National Wallace Monument, Victorian memorials, Scotland
The second chamber, ‘Hall of Heroes’, contains busts of 16 notable Scots, including Burns, Bruce, Livingstone, Walter Scott, James Watt and Adam Smith.  Alas, they have not yet got round to including Sean Connery, Alex Harvey, Lonnie Donegan, Billy Connolly, Chris Hoy – or, indeed, Alex Salmond; give them time.  Even more puzzling; Greyfriars’ Bobby has been left out.  But the room does contain some rather nice stained glass.

The third chamber houses an exhibition that tells the story of building the monument.

If you’re in the Stirling area, or passing by it, you can hardly fail to spot the National Wallace Memorial.  High on Abbey Craig to the north west of the city, it is an undeniably proud sight.  You should pop in.  Park near the reception centre beneath the Abbey Craig and either take a courtesy bus, or walk up to the monument’s entrance along a pleasant, wooded path.  Just bear in mind that the hill is 300 feet high, then you have the 220 foot monument to scale.  There is, inevitably, a gift shop which unexpectedly specialises in Scottish things.  Even more surprisingly, there is a selection of books about Sir William Wallace and the Scottish Wars of Independence.  It might even be possible to buy a DVD of Braveheart.  Have a cup of tea and slice of haggis in the coffee shop; it’s called ‘Legends’.

By the way, Mel – it’s about time someone made a movie about Hereward the Wake or Caractacus.  Or - even better - Alfred the Great.  Hey - go for all three; I’d be glad to help.  “Freedom!”

There are memorials to Wallace all over Scotland, as well as in London, Australia, Canada and the United States.

Crown top, memorials, Scotland, visit Britain

Abbey Craig, memorial, Stirling, Britain

William Wallace, stained glass, memorial, Scotland.

Visit the National Wallace Monument website.

Or buy "Braveheart" - bad history, good movie.


  1. Well you certainly put places on my list of places to visit, that will be high up when I next go to Scotland. As for Alex Salmond he has to be the court jester because he is fast becoming a laughing stock. You should add Annie Lenox to the list

  2. What beautiful areas you have to photograph! Thanks for sharing. Tom The Backroads Traveller

  3. First things first: I had never heard the phrase 'takes the biscuit' until yesterday. Now I've heard it twice in two days! (The first was from Catty Kay, that beacon of truth from BBC America.) Anyway, I would love to visit the Wallace Monument, having read and loved 'Scottish Chiefs' by Jane Porter. I would like to read that book to my grandsons! I didn't make it all the way through Braveheart. Hard to disassociate Gibson from Lethal Weapon. Alas, I will probably never visit the Wallace Monument because The North is just too far north from anyplace else I visit in the UK. But Birmingham, I'll have you know, rose in my estimation when we drove past once and saw the huge Cadbury water tower (or chocolate tower!). I wondered if they gave free samples.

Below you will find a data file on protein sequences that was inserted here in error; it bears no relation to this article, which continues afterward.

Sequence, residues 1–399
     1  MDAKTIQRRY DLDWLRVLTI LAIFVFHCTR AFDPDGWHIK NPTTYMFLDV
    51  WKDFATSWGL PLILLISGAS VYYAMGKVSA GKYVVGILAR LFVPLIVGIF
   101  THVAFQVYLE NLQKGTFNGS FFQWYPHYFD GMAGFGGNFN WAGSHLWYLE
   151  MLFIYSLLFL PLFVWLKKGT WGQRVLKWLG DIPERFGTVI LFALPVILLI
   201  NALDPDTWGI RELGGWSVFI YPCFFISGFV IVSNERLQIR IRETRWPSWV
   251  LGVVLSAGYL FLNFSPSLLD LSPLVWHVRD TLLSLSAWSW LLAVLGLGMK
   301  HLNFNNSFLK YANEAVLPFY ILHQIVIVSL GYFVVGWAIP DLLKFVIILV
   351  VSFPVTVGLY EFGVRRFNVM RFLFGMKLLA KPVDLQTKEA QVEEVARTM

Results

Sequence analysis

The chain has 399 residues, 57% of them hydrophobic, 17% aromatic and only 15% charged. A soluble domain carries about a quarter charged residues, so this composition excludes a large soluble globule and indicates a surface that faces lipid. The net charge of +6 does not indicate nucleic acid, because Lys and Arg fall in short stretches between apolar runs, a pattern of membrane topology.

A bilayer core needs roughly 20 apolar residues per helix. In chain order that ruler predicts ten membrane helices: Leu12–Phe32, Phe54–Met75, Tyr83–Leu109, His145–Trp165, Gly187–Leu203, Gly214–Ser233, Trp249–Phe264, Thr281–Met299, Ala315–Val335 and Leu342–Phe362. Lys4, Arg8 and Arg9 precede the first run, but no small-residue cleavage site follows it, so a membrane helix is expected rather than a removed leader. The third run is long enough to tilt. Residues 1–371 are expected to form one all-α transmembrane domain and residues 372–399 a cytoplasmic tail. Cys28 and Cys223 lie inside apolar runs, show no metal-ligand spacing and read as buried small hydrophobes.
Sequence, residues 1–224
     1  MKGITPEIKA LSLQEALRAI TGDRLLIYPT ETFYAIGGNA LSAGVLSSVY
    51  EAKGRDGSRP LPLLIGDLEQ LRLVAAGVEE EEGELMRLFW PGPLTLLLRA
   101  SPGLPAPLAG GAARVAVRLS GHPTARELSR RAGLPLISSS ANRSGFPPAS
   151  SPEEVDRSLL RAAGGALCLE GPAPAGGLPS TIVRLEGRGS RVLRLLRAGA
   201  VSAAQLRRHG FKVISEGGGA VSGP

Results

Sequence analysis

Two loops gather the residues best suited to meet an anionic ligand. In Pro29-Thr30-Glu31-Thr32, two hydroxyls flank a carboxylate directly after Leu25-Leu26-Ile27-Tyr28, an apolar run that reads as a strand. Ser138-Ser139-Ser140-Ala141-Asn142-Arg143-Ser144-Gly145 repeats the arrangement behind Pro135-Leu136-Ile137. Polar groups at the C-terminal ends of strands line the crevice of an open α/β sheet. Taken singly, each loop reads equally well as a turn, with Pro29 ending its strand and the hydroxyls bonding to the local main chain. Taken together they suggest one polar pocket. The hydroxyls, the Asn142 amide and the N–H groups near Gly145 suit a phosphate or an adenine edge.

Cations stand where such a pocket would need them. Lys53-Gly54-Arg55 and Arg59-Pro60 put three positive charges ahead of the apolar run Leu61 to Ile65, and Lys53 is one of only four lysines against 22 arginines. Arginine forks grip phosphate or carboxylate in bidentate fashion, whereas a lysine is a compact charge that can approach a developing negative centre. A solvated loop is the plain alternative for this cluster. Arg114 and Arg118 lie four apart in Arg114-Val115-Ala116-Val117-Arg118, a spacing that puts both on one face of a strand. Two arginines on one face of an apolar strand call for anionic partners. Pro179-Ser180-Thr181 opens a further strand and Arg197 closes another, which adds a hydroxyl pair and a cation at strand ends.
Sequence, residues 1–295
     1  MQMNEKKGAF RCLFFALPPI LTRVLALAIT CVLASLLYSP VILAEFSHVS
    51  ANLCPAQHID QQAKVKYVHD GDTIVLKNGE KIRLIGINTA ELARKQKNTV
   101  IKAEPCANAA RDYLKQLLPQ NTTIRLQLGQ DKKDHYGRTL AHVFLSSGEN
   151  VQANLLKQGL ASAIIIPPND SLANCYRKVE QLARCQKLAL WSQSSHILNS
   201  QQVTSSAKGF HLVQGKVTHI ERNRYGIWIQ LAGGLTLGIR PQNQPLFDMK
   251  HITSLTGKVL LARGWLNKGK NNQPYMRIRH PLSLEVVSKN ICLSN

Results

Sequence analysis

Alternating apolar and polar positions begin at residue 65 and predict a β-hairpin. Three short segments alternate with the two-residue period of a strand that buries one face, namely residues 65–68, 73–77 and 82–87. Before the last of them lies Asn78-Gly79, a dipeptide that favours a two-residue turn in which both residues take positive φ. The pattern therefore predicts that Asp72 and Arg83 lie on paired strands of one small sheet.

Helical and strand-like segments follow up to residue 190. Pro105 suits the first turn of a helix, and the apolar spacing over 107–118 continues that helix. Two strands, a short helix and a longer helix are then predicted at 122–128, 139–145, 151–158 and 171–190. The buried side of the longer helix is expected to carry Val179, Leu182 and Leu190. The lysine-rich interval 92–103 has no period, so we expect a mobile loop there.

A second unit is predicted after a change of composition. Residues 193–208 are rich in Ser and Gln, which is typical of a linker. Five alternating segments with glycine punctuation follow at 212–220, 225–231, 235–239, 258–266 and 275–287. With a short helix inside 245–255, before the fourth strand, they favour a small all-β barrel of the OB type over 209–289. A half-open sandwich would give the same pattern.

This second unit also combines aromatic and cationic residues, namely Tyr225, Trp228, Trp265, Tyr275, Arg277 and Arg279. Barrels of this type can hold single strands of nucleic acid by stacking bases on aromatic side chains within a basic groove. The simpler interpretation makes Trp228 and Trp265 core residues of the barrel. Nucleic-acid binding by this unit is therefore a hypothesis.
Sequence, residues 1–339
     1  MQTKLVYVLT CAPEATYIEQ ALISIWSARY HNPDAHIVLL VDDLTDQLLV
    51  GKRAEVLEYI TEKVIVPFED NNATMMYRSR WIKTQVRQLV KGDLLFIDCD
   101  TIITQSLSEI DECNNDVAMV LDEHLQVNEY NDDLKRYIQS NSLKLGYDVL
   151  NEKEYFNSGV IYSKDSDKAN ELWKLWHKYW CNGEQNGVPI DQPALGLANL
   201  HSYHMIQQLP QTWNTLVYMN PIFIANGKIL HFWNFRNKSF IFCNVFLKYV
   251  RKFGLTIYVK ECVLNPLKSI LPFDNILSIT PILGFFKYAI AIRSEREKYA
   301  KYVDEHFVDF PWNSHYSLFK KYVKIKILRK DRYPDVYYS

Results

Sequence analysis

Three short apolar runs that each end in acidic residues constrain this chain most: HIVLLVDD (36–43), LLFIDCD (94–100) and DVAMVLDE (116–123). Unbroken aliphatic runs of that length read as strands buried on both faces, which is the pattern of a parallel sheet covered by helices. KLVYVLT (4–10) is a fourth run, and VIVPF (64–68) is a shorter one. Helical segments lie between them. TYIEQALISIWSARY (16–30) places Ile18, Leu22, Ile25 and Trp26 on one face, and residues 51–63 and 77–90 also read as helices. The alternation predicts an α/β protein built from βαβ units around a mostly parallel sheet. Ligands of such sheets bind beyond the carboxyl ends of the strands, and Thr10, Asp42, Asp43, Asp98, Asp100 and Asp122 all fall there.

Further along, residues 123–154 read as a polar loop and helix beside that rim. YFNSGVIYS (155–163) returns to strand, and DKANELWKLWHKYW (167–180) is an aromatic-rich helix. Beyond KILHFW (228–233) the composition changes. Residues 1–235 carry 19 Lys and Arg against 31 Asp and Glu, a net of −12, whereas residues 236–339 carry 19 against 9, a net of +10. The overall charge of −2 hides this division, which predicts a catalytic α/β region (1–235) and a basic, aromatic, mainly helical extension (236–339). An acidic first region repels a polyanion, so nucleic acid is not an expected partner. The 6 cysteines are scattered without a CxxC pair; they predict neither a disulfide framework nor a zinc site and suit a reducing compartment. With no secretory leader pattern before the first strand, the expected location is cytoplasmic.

4. I have just found your blog via J_on_tour. You have some interested posts on the sort of places that I like to visit. You have a new follower ;-)

    It is many many years since I visited the Wallace Monument.

  5. Another very interesting post, love your historical pieces and super photos to illustrate them. A place I would definitely love to see. I visited Stirling years ago, when I was not long past 20 and don't remember much about it. I seem to remember going to a Castle that the guide told us an old British series was filmed there called Colditz. I don't know whether these are facts or memories mired in fuzzy recollections of a 20 year old. I would love to go back one day.

  6. Well done Mike and a site I enjoyed. Braveheart might have taken the level of knowledge about this brave soul a notch or two up but not being a fan of Gibson, I am not sure it is due to his film (even less his acting abilities).
    Happy to hear Greyfriar's Bobby is on the list though, the story behind this lovable canine interest me much more.
    All the best,

  7. Great post, lovely photos. Thank you so much for sharing this amazing tour!

  8. We have a Wallace monument in Australia?

  9. I remember seeing the monument on a cycling tour many years ago (I was on the cycling tour - not the monument!) but I didn't investigate further, probably because I was soaked to the skin and keen to get to my evening's lodgings. As as usual in those days I can see I was in too much hurry. can Scotland really claim Lonnie Donegan; he left when he was 2.

  10. Oh I know all about Wallace, I even know a few present day Wallace's :) as a Scot it would be shameful if I didn't! Excellent post Mike.. have a good weekend.

  11. Loved reading all the history and seeing the pics. Thank you!